Prevalence and Causes of Vision Loss in High-Income Countries and in Eastern and Central Europe: 1990-2010
Rupert R A Bourne, Jost B Jonas, Seth R Flaxman, Jill Keeffe, Janet Leasher, Kovin Naidoo, Maurizio B Parodi, Konrad Pesudovs, Holly Price, Richard A White, Tien Y Wong, Serge Resnikoff, Hugh R Taylor on behalf of the Vision Loss Expert Group of the Global Burden of Disease Study
British Journal of Ophthalmology
The purpose of this study is to assess prevalence and causes of blindness and vision impairment in high-income regions and in Central/Eastern Europe in 1990 and 2010.
Age-standardised prevalence of blindness and MSVI decreased from 0.2% to 0.1% (3.314 million to 2.736 million people) and from 1.6% to 1.0% (25.362 million to 22.176 million), respectively. Women were generally more affected than men.
Cataract was the most frequent cause of blindness in all subregions in 1990, but macular degeneration and uncorrected refractive error became the most frequent causes of blindness in 2010 in all high-income countries, except for Eastern/Central Europe, where cataract remained the leading cause.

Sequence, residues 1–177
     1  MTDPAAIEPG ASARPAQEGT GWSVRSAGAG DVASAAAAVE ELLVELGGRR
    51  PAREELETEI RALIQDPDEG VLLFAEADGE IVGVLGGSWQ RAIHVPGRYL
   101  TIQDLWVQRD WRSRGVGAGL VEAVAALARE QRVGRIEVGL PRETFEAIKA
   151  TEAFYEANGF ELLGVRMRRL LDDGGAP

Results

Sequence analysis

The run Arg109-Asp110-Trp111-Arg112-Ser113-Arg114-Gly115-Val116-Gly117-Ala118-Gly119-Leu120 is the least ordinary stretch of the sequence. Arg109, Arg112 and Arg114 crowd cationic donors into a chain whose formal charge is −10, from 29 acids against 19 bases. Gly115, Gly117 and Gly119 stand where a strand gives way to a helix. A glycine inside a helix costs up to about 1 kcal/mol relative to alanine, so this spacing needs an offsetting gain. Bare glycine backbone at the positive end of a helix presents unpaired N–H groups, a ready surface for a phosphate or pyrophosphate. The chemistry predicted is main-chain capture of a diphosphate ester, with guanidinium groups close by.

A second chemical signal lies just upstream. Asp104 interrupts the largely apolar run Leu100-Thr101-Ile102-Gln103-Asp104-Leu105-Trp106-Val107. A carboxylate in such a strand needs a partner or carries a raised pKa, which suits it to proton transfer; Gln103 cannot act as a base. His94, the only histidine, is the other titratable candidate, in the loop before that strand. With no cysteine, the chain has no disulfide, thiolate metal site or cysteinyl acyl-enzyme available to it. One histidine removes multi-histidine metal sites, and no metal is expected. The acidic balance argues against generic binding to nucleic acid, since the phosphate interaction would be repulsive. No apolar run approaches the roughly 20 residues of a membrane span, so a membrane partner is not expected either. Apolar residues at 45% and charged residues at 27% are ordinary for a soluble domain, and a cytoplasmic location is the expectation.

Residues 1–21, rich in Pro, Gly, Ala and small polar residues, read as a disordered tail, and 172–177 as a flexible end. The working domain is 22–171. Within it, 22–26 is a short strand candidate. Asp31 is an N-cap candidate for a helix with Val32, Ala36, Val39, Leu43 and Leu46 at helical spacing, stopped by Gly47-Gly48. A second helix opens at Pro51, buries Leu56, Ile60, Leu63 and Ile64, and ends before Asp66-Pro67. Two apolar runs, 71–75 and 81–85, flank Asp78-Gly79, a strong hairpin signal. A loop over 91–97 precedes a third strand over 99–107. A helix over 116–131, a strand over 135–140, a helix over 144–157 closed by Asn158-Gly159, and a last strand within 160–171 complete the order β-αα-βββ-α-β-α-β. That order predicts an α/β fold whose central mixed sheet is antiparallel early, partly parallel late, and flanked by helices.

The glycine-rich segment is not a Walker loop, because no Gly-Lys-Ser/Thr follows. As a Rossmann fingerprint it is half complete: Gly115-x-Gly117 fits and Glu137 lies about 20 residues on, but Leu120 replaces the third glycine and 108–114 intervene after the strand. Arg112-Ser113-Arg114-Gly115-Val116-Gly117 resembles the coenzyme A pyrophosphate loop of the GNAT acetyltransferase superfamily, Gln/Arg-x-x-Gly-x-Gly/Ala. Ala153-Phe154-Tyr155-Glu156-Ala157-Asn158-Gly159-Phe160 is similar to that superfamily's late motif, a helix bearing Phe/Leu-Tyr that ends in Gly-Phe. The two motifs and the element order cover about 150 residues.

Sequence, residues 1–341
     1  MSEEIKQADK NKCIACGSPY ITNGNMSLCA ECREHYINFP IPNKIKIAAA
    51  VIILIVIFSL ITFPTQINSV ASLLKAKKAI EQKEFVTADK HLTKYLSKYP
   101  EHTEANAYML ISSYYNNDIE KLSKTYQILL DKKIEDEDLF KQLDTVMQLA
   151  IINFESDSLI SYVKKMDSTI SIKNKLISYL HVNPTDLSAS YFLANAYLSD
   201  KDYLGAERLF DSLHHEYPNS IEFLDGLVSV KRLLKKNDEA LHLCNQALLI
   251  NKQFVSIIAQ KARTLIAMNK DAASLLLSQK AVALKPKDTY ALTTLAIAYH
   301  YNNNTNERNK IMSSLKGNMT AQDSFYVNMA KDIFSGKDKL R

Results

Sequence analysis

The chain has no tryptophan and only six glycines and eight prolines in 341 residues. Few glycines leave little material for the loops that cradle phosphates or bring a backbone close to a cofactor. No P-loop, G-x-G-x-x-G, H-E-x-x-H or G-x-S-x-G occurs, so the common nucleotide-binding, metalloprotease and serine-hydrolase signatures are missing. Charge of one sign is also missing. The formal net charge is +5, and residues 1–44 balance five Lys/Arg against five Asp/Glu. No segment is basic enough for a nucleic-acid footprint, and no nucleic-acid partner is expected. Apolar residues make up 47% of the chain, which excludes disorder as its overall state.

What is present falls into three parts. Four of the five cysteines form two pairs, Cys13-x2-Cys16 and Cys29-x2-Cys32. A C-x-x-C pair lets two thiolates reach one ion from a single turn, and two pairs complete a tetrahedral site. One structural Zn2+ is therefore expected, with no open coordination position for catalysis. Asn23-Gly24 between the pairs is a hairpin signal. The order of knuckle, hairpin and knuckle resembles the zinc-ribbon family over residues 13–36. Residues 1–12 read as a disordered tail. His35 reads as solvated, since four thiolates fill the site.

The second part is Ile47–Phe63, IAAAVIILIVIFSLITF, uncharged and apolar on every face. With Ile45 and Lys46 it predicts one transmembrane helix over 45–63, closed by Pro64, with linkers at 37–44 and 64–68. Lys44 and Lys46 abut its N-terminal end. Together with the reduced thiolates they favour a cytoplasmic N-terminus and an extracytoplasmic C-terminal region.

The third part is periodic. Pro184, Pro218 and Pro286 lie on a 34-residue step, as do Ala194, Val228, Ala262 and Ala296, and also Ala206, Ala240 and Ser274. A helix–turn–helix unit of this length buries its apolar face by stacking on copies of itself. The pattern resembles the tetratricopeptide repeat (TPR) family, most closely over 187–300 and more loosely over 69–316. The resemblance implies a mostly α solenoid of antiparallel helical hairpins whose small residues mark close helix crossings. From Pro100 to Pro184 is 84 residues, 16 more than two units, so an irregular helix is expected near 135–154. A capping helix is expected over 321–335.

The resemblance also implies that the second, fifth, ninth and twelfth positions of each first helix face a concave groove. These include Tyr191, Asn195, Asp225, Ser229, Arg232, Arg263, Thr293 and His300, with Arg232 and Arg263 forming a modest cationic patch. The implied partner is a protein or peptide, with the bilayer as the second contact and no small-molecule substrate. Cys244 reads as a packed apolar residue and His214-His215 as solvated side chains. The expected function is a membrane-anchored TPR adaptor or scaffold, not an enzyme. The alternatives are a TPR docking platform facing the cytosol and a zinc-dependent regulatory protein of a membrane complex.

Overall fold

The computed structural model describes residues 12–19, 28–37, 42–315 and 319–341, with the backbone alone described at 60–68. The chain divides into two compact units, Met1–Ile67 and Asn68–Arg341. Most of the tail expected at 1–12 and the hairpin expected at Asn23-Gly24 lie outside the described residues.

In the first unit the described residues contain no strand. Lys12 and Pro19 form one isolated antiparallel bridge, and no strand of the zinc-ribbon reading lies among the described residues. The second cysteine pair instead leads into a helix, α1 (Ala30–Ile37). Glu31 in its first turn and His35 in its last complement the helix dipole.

Glaucoma and diabetic retinopathy were fourth and fifth most common causes for blindness for all regions at both times.
Uncorrected refractive error, followed by cataract, macular degeneration, glaucoma and diabetic retinopathy, was the most common cause for MSVI in 1990 and 2010.
In highly developed countries, prevalence of blindness and MSVI has been reduced by 50% and 38%, respectively, and the number of blind people and people with MSVI decreased by 17.4% and 12.6%, respectively, even with the increasing number of older people in the population.
In high-income countries, macular degeneration has become the most important cause of blindness, but uncorrected refractive errors continue to be the leading cause of MSVI.